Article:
Filipino Inmates Thrill: This video gives new meaning to prison life. Sure, this group's collective wrap sheet will run the gamut of offenses from animal abuse, premeditated murder or simply too poor to put up a good legal defense. But, it seems that they have been busy with something more than just scratching plaintive cries on their cell walls. I wouldn't like to be the one to go from cell block to cell block convincing criminals to participate in a... well, have a look: Are they on the road to perdition or stardom? You'll find the more talented lawbreakers in the middle pack while the four-footed ones make their bid to fame on the wings. Not exactly a film by Martin Scorcese, but it will do for now.

Tuesday, October 16, 2007

Chess and Politics: Our good friend at Chesslodge has an interesting post about the intrusion of politics into chess:

World Junior Chess Championship, 2007, Final: The second half of this tournament was certainly a slambang affair with several players taking the lead at every turn. Well, in the end, it was Egypt's GM Ahmed Adly who triumphed over a field of 80 players. He scored 10 points in 13 rounds, leading after the 6th round and then falling behind to come back on top in the end. GM Adly won his last three rounds. Second place went to GM Ivan Popov of Russia with 9.5 points followed by GM Wang Hao with 9 points in third place. For those of you who follow IM Wesley So, he settled in 20th place with 7.5 points. Considering that this young man of 14 was leading the pack at around midpoint and then lagged behind after successive loses, it seems to me that he might have ran out of steam. GM Parimarjan Negi took 8th place with 8.5 points.

Here is GM Adly's last round game against G. Meier after his 51. Kh3 when black resigned. Let's take a look: 51...Bd6 52. Rd6 Rc8 53. Nd2 Rc5 54. Nf3 and white has won another pawn...Rb5 55. Kg4 Ke7 56. Rd5 Rb6 57. Ne5 and white has a very superior position.

Saturday, October 13, 2007

World Junior Chess Championship, 2007, Rd 10 : Things have changed quite a bit since the last report. The former front runner, IM Wesley So ( Philippines), is now at number 16 ( 6 points) after ten rounds. First place has been up for grabs for almost every round, and now it is IM Avetik Gregoryan who leads the pack with 7.5 points. I am sure the hometown crowd is very proud of him. The next Armenian after him is at 10th place, GM Arman Pashikian with 6.5 points. For a while, Egyptian GM Ahmed Adly looked like the run away winner, but GM is now in 6th place with 7 points. He lost to GM Ivan Popov in Round 10 and to GM Wang Hao in Round 9. Nobody is safe in this tournament. IM Wesley So lost in Rounds 7, 8, and 10 after a stellar performance. Nevertheless, the official website announced that Wesley So and Avetik Grigoryan have already earned a GM norm in this tournament. The number one seed, GM Wang Hao, climbed from the middle of the pack to second place with 7.5 points after 10 rounds. Two more rounds to go.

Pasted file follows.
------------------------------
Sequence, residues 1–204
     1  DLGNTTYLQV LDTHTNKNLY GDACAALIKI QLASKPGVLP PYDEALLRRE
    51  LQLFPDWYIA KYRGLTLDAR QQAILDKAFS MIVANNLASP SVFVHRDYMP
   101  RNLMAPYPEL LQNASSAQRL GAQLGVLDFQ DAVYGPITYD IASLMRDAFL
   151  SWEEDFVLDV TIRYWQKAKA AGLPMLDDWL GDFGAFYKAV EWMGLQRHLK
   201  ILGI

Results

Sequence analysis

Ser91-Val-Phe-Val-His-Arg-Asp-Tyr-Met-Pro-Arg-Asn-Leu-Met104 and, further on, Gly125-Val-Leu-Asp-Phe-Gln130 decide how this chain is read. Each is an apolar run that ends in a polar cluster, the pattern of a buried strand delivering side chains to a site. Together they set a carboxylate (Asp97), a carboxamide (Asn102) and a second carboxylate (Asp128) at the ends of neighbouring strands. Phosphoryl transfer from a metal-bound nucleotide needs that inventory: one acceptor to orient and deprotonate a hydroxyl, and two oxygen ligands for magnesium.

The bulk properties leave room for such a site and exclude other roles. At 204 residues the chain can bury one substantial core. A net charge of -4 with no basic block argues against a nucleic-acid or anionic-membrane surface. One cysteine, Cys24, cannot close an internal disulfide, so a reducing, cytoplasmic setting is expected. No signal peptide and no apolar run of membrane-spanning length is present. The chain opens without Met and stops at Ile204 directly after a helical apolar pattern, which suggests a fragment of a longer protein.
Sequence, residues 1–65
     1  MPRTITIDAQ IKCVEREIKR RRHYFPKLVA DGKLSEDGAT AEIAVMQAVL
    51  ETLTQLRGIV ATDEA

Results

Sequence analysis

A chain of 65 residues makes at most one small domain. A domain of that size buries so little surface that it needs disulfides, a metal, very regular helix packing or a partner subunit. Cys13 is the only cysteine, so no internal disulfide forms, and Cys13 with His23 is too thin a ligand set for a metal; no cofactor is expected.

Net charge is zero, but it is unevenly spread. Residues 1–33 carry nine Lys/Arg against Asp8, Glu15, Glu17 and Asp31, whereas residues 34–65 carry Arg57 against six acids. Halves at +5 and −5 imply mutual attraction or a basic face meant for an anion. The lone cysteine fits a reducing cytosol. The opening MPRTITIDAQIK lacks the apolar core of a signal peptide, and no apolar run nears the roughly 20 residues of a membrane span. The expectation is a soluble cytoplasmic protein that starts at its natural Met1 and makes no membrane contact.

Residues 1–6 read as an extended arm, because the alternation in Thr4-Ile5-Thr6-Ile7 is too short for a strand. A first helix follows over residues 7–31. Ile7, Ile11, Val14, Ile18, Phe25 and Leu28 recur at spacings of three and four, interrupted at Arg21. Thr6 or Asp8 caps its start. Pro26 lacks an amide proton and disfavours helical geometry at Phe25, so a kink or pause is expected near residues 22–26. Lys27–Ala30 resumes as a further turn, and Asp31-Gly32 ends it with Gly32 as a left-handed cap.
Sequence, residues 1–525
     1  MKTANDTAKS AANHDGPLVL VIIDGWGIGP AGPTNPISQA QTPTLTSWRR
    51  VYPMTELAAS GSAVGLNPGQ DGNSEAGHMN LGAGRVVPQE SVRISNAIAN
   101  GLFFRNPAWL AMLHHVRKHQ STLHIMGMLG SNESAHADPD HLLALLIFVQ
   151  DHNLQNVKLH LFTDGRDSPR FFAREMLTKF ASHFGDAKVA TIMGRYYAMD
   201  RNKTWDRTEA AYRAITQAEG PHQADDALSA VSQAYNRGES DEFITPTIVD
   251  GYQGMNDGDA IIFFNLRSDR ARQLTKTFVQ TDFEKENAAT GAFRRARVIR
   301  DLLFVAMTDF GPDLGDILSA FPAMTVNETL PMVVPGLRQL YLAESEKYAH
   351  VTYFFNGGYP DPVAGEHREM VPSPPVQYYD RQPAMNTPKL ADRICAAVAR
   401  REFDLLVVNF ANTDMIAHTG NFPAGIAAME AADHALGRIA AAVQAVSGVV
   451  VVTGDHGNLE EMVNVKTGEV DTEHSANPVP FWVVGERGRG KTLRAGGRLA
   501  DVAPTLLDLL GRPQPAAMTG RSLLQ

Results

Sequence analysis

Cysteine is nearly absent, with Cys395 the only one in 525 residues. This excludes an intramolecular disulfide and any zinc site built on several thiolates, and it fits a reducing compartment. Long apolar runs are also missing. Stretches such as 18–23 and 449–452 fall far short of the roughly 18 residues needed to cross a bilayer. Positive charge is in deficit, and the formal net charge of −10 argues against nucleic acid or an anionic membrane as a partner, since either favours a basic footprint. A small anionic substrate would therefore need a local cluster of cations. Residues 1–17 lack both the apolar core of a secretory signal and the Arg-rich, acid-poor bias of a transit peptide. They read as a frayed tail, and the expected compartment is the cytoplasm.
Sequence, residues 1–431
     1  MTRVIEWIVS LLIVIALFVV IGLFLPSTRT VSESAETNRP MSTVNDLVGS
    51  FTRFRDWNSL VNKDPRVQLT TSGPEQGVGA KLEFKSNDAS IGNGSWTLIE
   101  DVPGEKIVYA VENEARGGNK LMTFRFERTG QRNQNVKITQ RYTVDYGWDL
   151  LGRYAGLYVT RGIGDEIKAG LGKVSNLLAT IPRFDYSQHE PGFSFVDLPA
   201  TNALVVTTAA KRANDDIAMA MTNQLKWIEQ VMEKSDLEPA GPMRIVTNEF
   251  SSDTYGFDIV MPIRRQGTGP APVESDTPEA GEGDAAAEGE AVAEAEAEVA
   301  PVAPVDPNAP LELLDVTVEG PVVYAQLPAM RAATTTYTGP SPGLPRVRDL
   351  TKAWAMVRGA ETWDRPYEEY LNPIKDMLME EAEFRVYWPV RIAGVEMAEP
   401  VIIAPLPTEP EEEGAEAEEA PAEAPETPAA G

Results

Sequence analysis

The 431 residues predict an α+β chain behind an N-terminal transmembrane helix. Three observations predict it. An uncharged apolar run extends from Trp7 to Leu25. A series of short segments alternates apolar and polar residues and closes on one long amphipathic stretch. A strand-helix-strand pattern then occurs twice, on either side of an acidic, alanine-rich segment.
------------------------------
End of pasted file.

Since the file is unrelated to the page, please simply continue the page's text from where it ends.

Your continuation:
Tuesday, October 09, 2007

World Junior Chess Championship, 2007, Rd 6: After six rounds of the scheduled thirteen, IM Wesley So of the Philippines took the lead with 5 points. This tournament is being held at Yerevan, Armenia from Oct. 2 through the 17th. It's a long and grueling tournament, and so the competitors need to pace themselves. GMs Ahmed Adly (Egypt) 5 points, Maxim Rodshstein (Israel) 4.5 points, and Daniel Stellwagen ( Netherlands) 4.5 points, are in second to fourth places respectively. Players who enjoy better name recognition fared less than the aforesaid players: GM Wang Hao, 4.5 points at 6th place, Gm Parimarjan Negi, 4 points at 16th place, GM David Howell, 3.5 points at 22nd place, and GM Gawain Jones, 3.5 points at 25th place. Here is the game between Wesley So and David Howell:

Wesley So enjoyed pawn majorities on both wins and simplification favored him with 30...Rc2 31. Qa7...Howell needed to activate his queen with 31...Qe8 and So sought an exchange with 32. Qe3. Play continued 32...Qc8 33. Qe7 ( threatening 34. Rd8+ ) Qf5 with Howell making threats of his own on f2.